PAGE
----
Title: A Court of Mist and Fury
Series Title: A Court of Thorns and Roses
Author: Sarah J. Maas
Date Added: January 26, 2017
Date Started: May 1, 2017

Media: Hardback (Library)
Progress: 22%

I am almost 100% certain the author is making Tamlin an asshole so that we’re not supposed to like him anymore.  I didn’t like him from the first book to begin with, but my guess is she’s attempting to sway readers who more than likely did to realize what he’s doing to Feyre.  These readers probably weren’t all that fond of Rhysand, though truthfully I had major problems with both of them.  Currently, though, at least Rhys is telling Feyre what’s going on, not keeping her in the dark, and not forcing her to stay in their house all the time.  I really hope the main character dumps the High Lord of the Spring Court not because I particularly want her to be with Rhys, but because Tamlin’s a jackass…which I totally called from the first book :p

Title: The Quantum Ghost
Author: Jonathan Ballagh
Date Added: April 14, 2017
Date Started: April 29, 2017

Media: Kindle
Progress: 48%

All of the (mostly minor) issues I had with The Quantum Door are utterly nonexistent in this second novel.  To be honest, I’m picturing this as a movie, and I hope one day it gets to that point.  Door would make an excellent movie, too.  The action, while not overwhelming, is almost nonstop.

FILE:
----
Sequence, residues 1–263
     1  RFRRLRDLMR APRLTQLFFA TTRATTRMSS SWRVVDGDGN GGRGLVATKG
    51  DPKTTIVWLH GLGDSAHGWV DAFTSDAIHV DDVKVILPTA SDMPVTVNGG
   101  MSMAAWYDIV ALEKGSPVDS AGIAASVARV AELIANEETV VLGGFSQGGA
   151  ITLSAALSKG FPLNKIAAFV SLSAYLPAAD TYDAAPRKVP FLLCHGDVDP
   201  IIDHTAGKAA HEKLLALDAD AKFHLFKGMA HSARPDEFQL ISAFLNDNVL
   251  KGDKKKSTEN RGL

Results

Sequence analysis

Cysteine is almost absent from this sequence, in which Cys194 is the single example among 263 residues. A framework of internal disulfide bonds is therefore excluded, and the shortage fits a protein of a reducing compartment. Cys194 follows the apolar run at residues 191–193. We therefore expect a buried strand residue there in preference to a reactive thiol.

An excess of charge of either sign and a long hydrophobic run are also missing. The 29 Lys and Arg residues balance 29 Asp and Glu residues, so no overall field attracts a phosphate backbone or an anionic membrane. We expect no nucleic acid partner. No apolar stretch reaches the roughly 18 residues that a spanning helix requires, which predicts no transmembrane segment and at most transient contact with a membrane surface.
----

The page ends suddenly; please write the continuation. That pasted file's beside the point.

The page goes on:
Title: The Legend of Zelda: Hyrule Historia
Authors: Patrick Thorpe, Various Others, and Translators
Date Added: October 30, 2016
Date Started: April 11, 2017

Media: Hardback
Progress:  45%

I think after I finish reading this, I’m going to watch all of the Zeldas….in order.  Oh!  I have to remember to look for the Zelda comics Mr. Panda told me about!  I had no idea these existed, and they have one for Twilight Princess o.O  I’ll be hitting the bookstore this Friday!

Title: The Raven King
Series Title: The Raven Cycle
Author: Maggie Stiefvater
Date Added: April 4, 2017
Date Started: April 8, 2017

Media: Kindle
Progress: 61%

It’s amazing how a story can be so cohesive even as it almost seems to consist of vignettes.  You never know what you’re going to get with each chapter, and you never know which character is going to be the focus.  The author even puts the spotlight on seemingly minor characters.  As mentioned before it reminds me a bit of ASOIAF, because we’re presented with one character’s viewpoint and one character’s thoughts.  I have absolutely no idea how this is going to end, but I have been thinking about what it would look like if they did make a TV series of it.